Cuban Photography Exposed
Meyers, Laura, Art Business News
Journeying to Cuba, photographers, curators and art dealers are bringing revolutionary images back to America's heartland
A new face of Cuba is capturing America's heart. We see it on television: Wim Wenders' documentary film, Buena Vista Social Club, continues to air on public television. We hear it on the radio: the Ry Cooder-produced music album of the same title has attained worldwide success, and the sound of Cuban-style jazz is everywhere. We even toast it: the mojito, Cuba's famous mint-infused cocktail, has become the hot drink throughout the nation.
Indeed, after four decades of socialism, U.S. trade embargos and resulting isolation from this country, Cuba is once again at the forefront of U.S. popular culture. The island nation's architecture, dating from its 16th-and 17th-century Spanish colonial heritage, and its pristine white-and-black sand beaches now draw millions of tourists each year--a growing number of them American.
"Cuba is definitely hot" said Jack Kenny, a photographer from Plymouth, Mich., who has traveled to Cuba some 25 times since 1996, when Fidel Castro decided to rebuild his nation's finances on tourist dollars. "There's a growing awareness of Cuba. It started with the Pope [visiting Cuba in 1998], then CNN opened an office. People are realizing it's an interesting place, a Caribbean island with 4,000 miles of beaches, and it's close to the United States."
This burgeoning interest in Cuba has also generated a growing interest in the island's art--particularly its post-Revolutionary photographic works--from both art dealers and collectors. This interest got a jump-start in the 1990s when art dealers successfully sued the U.S. Treasury Department "for the right to import art" from Cuba--an action allowing art dealers to legally become licensed and bring Cuban art into the U.S. Last November, almost 4,000 American tourists attended the 7th Havana Bienal, among 15,000 international visitors, according to the art exposition's director, Nelson Herrera Ysla. And exhibits of Cuban photography--from iconic portraits of revolutionary leaders like Fidel Castro and Che Guevara to street scenes, portrayals of everyday Cuban citizens and even cutting-edge conceptual photographs with a Cuban twist--have been on view throughout the U.S.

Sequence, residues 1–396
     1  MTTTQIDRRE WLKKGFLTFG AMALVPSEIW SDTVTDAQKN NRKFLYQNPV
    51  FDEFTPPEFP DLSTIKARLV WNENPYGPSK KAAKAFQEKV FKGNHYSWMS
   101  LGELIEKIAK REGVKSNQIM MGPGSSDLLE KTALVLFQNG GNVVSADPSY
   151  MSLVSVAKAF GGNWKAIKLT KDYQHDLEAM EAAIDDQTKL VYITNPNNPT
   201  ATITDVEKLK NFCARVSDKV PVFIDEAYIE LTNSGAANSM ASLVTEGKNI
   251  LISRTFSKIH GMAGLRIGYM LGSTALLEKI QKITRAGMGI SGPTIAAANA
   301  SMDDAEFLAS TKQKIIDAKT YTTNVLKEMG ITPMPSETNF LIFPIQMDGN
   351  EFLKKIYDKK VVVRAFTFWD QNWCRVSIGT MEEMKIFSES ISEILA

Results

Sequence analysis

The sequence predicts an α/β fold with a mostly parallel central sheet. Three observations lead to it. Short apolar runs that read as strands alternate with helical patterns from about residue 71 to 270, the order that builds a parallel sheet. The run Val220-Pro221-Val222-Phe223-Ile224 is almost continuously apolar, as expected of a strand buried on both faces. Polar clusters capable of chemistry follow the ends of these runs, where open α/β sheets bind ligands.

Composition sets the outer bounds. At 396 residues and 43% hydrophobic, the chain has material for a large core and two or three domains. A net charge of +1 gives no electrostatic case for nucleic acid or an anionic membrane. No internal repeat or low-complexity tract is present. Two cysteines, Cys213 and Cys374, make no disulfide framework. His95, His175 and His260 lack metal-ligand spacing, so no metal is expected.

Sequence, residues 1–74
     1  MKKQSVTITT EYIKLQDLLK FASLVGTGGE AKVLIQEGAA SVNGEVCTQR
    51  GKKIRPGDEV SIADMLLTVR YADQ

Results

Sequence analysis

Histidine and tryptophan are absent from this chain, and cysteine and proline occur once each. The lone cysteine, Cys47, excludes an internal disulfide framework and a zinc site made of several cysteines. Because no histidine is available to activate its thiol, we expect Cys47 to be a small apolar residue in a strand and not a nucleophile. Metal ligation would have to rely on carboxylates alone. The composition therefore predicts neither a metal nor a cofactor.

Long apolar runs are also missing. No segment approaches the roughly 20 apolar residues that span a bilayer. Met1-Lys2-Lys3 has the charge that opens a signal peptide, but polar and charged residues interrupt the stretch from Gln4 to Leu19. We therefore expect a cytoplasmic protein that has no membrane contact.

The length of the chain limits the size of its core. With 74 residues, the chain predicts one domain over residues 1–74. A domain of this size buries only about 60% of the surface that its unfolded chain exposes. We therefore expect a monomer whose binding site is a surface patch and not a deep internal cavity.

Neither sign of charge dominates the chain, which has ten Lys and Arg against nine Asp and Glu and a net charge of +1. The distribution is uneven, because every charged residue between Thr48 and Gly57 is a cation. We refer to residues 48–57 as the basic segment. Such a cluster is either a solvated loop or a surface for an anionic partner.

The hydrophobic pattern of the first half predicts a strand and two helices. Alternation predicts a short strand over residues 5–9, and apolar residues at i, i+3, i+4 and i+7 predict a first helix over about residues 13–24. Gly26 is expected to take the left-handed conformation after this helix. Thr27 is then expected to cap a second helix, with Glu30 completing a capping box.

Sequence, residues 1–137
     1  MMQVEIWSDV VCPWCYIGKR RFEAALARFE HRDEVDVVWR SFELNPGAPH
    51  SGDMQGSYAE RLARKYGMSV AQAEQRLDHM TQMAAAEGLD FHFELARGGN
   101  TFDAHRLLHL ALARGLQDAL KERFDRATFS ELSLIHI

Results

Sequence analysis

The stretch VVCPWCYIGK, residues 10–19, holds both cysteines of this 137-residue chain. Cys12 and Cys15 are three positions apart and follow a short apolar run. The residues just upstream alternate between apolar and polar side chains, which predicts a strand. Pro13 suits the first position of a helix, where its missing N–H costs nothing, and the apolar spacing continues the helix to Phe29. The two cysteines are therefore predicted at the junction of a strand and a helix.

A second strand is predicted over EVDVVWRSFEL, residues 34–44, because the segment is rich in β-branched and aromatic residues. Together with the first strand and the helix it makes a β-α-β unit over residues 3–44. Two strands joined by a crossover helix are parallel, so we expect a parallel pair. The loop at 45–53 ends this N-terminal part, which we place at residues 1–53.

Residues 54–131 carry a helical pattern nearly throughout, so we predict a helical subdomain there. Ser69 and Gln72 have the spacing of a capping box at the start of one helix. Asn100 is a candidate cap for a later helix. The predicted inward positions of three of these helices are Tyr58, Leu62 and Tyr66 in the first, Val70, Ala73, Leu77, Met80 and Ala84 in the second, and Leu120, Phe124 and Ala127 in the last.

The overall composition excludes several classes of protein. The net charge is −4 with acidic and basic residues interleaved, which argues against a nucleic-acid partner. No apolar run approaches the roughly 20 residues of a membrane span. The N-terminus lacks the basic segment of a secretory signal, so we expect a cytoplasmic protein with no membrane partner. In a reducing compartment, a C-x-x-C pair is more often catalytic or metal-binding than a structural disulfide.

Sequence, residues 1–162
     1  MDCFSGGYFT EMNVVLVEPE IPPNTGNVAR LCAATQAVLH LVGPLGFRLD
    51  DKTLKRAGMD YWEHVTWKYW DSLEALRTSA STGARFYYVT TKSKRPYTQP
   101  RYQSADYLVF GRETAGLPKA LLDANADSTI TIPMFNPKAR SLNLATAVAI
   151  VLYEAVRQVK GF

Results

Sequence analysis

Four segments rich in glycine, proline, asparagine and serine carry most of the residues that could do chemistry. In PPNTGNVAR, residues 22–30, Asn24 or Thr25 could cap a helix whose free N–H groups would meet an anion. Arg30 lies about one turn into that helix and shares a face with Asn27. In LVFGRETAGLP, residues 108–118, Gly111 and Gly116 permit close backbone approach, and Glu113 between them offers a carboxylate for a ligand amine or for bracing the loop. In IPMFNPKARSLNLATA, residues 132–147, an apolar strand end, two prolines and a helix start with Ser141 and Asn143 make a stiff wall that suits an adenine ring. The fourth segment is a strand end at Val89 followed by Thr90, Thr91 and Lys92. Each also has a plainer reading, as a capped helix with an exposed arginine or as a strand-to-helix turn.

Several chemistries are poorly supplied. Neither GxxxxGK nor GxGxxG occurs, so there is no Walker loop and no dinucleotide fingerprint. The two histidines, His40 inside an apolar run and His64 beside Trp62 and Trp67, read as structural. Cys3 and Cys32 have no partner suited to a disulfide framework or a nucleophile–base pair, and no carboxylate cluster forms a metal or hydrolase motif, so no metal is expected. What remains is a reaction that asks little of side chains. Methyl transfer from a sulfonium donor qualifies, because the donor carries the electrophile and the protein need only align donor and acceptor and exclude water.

And according to art dealer Milly Moorhead, "The interest here isn't about politics--it's about art."
A Growing Audience
This past spring, the Los Angeles County Museum of Art (LACMA) mounted "Shifting Tides: Cuban Photography after the Revolution," an exhibit from several discrete artistic "generations" of Cuban photographers. Currently on view at the Grey Art Gallery in New York (through Oct. 27) and slated to open in November at the Museum of Contemporary Photography in Chicago, "Shifting Tides" features images that not only trace the development of this fine art form in Cuba since 1959, but also images that track the political and social changes in Cuba during the same period.
The museum exhibit in L.A. prompted several Southern California commercial galleries to showcase related works--hence giving more exposure to contemporary Cuban photography. Couturier Gallery exhibited "Three Cuban Photographers: Jose Figueroa, Jose Manuel Fors and Carlos Gariacoa." Gallery owner Darrel Couturier has visited Cuba numerous times in recent years (he has even organized trips for groups of art dealers and collectors) and has organized many exhibits of Cuban photography and painting. One such exhibit, featuring 80 works by Figueroa and Alberto Diaz Gutierrez (Korda), has traveled to Roy Boyd Gallery in Chicago, Grimaldis Gallery in Baltimore and Govinda Gallery in Washington, D.C.
Also in conjunction with the LACMA show, Iturralde Gallery presented the work of two artists included in "Shifting Tides." The gallery, which specializes in Latin American art and has organized several Cuban art exhibits in the past decade, presented photographs by Marta Maria Perez Bravo and a video by Juan Carlos, Alom, one of Cuba's most important contemporary photographers. …